Easy programming pays dividends

Two companies with contrasting requirements select combination manual/CNC and full CNC machines

Posted on 06 Nov 2017 and read 346 times
Easy programming pays dividendsWith over 30 years of gun-smithing between them, along with 20 years’ experience of shooting at international level, three friends and business acquaintances — Stuart Anselm (Osprey Rifles), Pete Walker (Walker Custom Rifles) and Gary Costello (March Scopes) — decided to pool their resources to tackle the niche market of bespoke gun-smithing.

They subsequently formed PGS Precision Engineering.

Much of the new company’s work was one-off commissions that did not justify the investment in a CNC machining capability. However, a contract for higher-volume work made upgrading from manual machining a feasible proposition.

Mr Anselm said: “This contract was for machining rifle-barrel blanks. These are already contoured to the final finish, with the rifling machined; our job is to machine the chamber, which is the location for the bullet in the end
of the barrel.

This chamber, which has to be both accurate in terms of size and very precise regarding surface finish, is produced using a chambering reamer.

This was our first contract for 50-calibre military rifles; in addition to finishing the chamber, we also had to carry out the turning and threading required to fit the ‘rifle action’ and the suppressor — more commonly known as the silencer. These increased volumes prompted us to consider CNC machining.”

With regard to machine selection, the barrel blanks come pre-machined, although the bore is not necessarily centred, so a four-jaw chuck would be required.

Furthermore, the necessary tooling requires the ability to pass high-pressure coolant through the spindle from the back of the machine, using a ‘muzzle flush’ device created by PGS Precision.

xyz aThe lathe selected would need to be capable of machining the 416 stainless ‘barrel steel’ that is popular in gun-smithing — and have a spindle bore large enough and long enough to allow both the coolant system and barrel to be fully enclosed within it.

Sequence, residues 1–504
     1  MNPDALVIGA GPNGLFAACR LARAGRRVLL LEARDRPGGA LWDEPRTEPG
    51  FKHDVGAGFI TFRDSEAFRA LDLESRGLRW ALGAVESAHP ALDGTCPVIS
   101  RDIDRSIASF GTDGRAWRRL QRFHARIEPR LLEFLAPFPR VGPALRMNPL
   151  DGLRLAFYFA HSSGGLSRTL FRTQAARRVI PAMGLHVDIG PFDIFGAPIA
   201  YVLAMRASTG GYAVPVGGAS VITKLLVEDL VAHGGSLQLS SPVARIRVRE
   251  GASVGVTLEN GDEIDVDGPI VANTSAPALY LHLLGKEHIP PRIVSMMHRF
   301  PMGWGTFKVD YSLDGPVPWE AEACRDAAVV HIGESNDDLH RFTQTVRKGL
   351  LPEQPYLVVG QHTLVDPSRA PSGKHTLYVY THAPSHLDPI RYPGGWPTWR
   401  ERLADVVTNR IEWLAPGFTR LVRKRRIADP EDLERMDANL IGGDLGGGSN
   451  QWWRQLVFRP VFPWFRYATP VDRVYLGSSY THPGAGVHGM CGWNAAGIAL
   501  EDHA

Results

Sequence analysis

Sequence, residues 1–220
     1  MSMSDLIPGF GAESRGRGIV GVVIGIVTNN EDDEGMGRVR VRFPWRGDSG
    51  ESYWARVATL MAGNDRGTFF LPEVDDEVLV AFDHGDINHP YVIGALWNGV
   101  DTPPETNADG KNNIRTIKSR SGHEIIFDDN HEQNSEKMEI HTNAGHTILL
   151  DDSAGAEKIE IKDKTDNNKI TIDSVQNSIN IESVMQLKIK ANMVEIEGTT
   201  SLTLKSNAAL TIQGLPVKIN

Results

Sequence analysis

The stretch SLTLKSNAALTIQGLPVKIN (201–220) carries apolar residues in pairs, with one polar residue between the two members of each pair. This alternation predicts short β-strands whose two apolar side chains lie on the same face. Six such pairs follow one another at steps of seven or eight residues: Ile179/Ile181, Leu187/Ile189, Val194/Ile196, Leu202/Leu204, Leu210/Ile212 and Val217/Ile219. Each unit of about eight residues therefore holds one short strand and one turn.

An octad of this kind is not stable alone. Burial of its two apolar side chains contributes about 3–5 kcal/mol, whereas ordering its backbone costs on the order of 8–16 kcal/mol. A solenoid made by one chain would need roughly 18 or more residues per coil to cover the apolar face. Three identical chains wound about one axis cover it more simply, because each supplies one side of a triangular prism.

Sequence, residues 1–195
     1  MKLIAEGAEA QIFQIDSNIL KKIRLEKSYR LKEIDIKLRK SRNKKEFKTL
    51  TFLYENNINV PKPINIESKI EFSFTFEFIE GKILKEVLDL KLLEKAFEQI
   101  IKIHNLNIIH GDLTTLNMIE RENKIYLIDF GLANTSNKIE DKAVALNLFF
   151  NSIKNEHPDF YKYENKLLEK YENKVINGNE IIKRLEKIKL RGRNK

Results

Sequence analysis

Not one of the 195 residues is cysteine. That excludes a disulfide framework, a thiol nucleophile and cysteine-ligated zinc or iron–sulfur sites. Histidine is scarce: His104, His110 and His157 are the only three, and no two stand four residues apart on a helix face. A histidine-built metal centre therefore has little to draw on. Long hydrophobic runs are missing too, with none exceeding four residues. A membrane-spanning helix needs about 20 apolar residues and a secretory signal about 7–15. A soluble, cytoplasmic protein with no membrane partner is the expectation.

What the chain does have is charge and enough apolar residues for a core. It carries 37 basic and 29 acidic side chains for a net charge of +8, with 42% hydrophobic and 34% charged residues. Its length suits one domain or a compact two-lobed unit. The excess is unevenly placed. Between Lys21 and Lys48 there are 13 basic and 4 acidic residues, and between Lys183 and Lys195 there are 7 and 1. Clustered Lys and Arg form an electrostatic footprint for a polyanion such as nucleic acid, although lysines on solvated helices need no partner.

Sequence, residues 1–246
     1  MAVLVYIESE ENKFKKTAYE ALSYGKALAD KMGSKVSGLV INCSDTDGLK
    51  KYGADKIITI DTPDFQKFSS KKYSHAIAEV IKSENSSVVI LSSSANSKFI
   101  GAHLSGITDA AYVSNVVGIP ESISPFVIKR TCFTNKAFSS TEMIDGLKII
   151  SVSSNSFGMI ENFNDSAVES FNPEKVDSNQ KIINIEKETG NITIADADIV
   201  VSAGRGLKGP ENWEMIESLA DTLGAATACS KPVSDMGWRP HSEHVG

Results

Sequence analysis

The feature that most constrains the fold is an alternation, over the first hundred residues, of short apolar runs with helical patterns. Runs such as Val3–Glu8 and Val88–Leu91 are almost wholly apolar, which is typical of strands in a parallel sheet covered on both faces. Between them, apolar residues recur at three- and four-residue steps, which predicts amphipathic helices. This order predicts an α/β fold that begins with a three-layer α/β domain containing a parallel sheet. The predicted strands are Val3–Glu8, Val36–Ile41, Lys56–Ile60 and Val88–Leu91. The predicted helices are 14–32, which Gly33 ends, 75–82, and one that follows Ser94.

The company decided to purchase an XYZ SLX 355 ProTurn lathe from Burlescombe-based XYZ Machine Tools (www.xyzmachinetools.com), because it particularly liked the ease of use of this machine’s ProtoTrak control system — in particular the ‘TraKing’ facility; this allows the operator to manually run through a program using the hand-wheels before pressing ‘cycle start’.

The SLX 355 was also favoured for its ability to be operated as a manual machine; and while 95% of the work would be programmed, the bespoke nature of the products called for manual intervention to achieve the ‘final fit’ that PGS requires.

The ability to combine the ProtoTrak control with manual operation was also a factor in the machine’s selection (with the SLX 355, it is possible to accurately and quickly produce tapers manually).

PGS chose the SLX 355 over the smaller SLX 1630, as its 1,000mm between centres could accommodate longer barrels in the future.

Other aspects of the machine that appealed were the 52mm spindle bore, the 5.75kW 4,000rev/min spindle (with constant surface speed), and the 150mm of tailstock travel (which is used for reaming the chambers).

Mr Anslem says: “The response we got from XYZ was excellent. We took some sample barrels with us for machining trials; we also found machine programming to be straightforward; within half a day, we had full confidence that the SLX 355 would do what we wanted.

Moreover, the support that we knew was available from XYZ in terms of training and service added to that confidence. The machine was commissioned the same day it was delivered, and we had completed our training within the first week.

We then spent a short time manufacturing our bespoke muzzle flush coolant system and were very soon in production.

xyz b“We are machining barrels much faster than we ever could using our manual lathes — plus we have the benefit of consistent accuracy and quality.

With the ProtoTrak control, we can also retain an individual customer’s programs; this means that if a replacement barrel is ever needed, we can manufacture it without the customer having to relinquish their gun for a couple of weeks.”

While saving seconds was never a priority for PGS Precision, certain aspects of the SLX 355 are proving beneficial in terms of cycle time.

The company specified the optional four-position auto-indexing tool-post, which PGS normally uses with turning, parting, threading and boring tools.